We have just enough sanity to get by these days. Thanks to our eccentricities, superstitions and OCDs, however, we have just the crutch we need. To vanquish inner demons with the use of highly ridiculous methods we can never confide in anyone is as sophisticated as it gets. Even the most scientific among us watch an experiment with fingers crossed behind their back or chanting their first pet’s name.
We all have our triggers, temper issues, terrors, which we seek to control with some complicated personal internal system. If the hero breaks into song now, the curry will come out well. If I can finish reading this page before my mother calls out, I will be married by the end of the year. If I double-check the front door every night, my acne will clear… As rational and simple as that.
Of course, we first exhaust the ‘sane’ route. We study for exams, we think our love will change the man, we work hard and consider ourselves decent people, fab friends, promising employees etc. Soon we realise we are almost there but never actually there. Without that oomph, that zing, that X factor, no shooting star will, well, shoot. Magic needs a helping hand; it needs you to believe in it.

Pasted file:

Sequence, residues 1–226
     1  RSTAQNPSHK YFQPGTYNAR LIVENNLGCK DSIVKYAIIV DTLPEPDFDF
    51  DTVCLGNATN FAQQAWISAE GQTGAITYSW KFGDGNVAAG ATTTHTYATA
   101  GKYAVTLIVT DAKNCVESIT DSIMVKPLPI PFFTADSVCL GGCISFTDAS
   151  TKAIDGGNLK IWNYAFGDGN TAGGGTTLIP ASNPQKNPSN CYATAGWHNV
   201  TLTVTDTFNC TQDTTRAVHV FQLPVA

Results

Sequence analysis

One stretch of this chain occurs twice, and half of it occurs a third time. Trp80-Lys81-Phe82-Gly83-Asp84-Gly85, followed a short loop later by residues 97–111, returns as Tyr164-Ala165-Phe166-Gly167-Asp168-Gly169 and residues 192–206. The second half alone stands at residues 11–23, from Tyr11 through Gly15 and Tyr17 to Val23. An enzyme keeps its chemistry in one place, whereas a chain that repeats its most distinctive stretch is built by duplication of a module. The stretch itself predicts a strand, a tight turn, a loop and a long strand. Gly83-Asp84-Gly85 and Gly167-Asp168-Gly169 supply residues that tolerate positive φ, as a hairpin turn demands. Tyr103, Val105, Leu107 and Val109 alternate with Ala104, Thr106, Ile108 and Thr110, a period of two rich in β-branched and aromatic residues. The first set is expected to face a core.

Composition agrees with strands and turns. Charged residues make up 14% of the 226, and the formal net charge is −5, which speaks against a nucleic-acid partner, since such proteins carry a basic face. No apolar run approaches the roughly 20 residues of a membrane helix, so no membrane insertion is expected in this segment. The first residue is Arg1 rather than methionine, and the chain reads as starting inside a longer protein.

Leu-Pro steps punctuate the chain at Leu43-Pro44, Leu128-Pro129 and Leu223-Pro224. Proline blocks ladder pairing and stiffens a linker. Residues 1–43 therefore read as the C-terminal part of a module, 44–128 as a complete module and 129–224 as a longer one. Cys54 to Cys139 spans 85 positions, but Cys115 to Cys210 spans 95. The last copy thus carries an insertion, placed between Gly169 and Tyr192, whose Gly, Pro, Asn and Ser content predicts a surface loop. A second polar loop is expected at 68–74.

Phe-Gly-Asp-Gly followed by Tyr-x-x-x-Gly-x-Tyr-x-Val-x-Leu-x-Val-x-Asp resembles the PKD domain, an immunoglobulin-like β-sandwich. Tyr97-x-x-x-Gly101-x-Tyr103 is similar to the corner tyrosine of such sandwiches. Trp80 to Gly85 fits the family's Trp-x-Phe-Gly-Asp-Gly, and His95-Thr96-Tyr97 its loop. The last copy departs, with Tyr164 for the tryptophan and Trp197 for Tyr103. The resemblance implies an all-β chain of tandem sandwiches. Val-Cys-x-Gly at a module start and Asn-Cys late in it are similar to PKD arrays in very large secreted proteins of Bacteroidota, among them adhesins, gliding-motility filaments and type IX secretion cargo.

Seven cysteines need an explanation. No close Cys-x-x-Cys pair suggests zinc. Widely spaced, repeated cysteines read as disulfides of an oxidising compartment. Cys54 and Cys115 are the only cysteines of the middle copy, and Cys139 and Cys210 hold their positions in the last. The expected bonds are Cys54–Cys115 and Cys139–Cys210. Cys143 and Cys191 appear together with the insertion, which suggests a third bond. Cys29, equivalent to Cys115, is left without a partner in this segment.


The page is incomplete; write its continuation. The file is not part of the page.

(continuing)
Saying the same word together with someone, think of so and so who calls us that very evening, hum a song and the radio playing it back. Coincidences most random and bizarre are the cornerstone of this mysterious human condition. If this happens, that will happen; if that happens, this will happen. Our own crystal ball, into which we gaze without an audience. Face to face with the unknown, only this gibberish, refined over years of desperate wishing, works for us.
It is like the first-time gambler’s luck. When we made a maiden obscure sacrifice and were granted that gift, we got hooked. We may keep coming up empty, but the trust in some universal force tracking our fortunes never goes away. We give up sweets, we don’t cut our hair for a year, we don’t say the word ‘no’, we walk seven steps backwards if a dog/cat crosses our path. It is a secret survival technique.
I have my own defence mechanism. As I speak, I divide my words by 2 or 3. If not divisible, I add another word, often unnecessary and meaningless, to meet the requirement. When I was young, this took me time and had me speak slowly, mentally counting the letters in every word I spoke as I spoke. Now, with the quickness of experience, I am more talented at this habit. I fondly imagine that my thus worked-out sentences will buy me nirvana on earth. That’s my quirk, what’s yours?